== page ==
in the case that the predefined requirements are not met, continue to function in accordance with a current mode of operation associated with a current one of the uniquely applicable sets of configuration data, and write to the access control token updated time stamped data indicative of the current mode of operation associated with the current one of the uniquely applicable sets of configuration data.
2. The access control device access according to claim 1 wherein the plurality of sets of configuration data include:
a first set of configuration data that, when applied, causes the device to function in a first mode of operation; and
a second set of configuration data that, when applied causes the device to function in a second mode of operation;
such that when the device is functioning in the first mode of operation, the communications interface is configured for receiving data indicative of a command to change to the second mode of operation, and in response to the command the software instructions cause the device to cease applying the first set of configuration data and commence applying the second set of configuration data.
3. The access control device access according to claim 1 wherein the configuration data includes an nth set of configuration data that, when applied, causes the device to function in an nth mode of operation.
4. The access control device access according to claim 1 wherein each set of configuration data corresponds to a respective threat level.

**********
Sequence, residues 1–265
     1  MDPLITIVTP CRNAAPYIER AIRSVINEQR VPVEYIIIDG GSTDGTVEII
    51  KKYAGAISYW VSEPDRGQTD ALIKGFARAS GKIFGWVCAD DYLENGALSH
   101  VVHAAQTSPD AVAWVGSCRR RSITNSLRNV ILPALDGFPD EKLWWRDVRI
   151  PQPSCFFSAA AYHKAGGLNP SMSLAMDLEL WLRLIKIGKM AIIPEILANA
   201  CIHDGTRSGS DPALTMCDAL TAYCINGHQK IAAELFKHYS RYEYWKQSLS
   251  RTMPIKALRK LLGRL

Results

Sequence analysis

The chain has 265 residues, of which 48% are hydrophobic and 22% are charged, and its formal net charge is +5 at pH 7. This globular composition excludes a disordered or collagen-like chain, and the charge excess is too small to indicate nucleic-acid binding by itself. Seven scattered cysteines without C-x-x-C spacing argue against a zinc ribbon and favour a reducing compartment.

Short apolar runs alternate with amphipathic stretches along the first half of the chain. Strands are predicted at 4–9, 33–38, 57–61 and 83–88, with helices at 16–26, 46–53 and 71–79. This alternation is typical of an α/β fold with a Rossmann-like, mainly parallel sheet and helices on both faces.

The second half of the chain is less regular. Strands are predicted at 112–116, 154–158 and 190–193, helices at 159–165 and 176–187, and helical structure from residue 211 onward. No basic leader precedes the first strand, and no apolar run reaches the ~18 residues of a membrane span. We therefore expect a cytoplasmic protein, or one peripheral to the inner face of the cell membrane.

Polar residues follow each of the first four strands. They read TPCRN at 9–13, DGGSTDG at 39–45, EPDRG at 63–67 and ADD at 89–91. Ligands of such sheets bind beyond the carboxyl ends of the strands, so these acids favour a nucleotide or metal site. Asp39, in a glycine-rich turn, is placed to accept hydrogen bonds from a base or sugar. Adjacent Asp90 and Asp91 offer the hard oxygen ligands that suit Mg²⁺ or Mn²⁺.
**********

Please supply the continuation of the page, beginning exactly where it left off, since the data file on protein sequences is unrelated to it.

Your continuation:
5. The access control device according to claim 4 wherein:
a first set of configuration data, when applied, causes the software instructions process data indicative of access requests in accordance with a first threat level; and
a second set of configuration data, when applied, causes the software instructions process data indicative of access requests in accordance with a second threat level.
6. The access control device access according to claim 1 wherein each set of configuration data describes respective authentication/authorisation settings.
7. The access control device access according to claim 1 wherein each set of configuration data describes respective access permission settings.
8. The access control device access according to claim 1 wherein each set of configuration data describes settings in relation to one or more of the following:
visitor access card rules;
supervisor requirements;
minimum occupancy requirements;
default access control states;
other access related rules and surveillance settings.
9. A method performable by an access control device, the method including:
applying a first set of configuration data stored locally at the access control device, the first set of configuration data, when applied, causing the device to function in a first mode of operation;
whilst functioning in the first mode of operation, processing data indicative of access requests on the basis of the first set of configuration data;
receiving data indicative of a command to change to a second mode of operation;
in response to the command, ceasing application of the first set of configuration data and commencing application of a second set of configuration data, wherein the second set of configuration data is also stored locally at the access control device, the second set of configuration data, when applied, causing the device to function in the second mode of operation;
whilst functioning in the second mode of operation, processing data indicative of access requests on the basis of the second set of configuration data;
whilst functioning in a disconnected state, reading an access control token, wherein the access control token maintains time stamped data indicative of a mode of operation associated with a specific one of the uniquely applicable sets of configuration data;